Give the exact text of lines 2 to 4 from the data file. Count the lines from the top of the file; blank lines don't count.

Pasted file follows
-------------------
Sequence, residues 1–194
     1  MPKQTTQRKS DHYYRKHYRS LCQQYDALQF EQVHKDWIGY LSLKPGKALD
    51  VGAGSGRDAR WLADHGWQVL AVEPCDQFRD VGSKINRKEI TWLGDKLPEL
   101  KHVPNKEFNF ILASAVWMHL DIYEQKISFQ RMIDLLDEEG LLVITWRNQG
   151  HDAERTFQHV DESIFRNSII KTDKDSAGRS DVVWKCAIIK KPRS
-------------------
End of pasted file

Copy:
     1  MPKQTTQRKS DHYYRKHYRS LCQQYDALQF EQVHKDWIGY LSLKPGKALD
    51  VGAGSGRDAR WLADHGWQVL AVEPCDQFRD VGSKINRKEI TWLGDKLPEL
   101  KHVPNKEFNF ILASAVWMHL DIYEQKISFQ RMIDLLDEEG LLVITWRNQG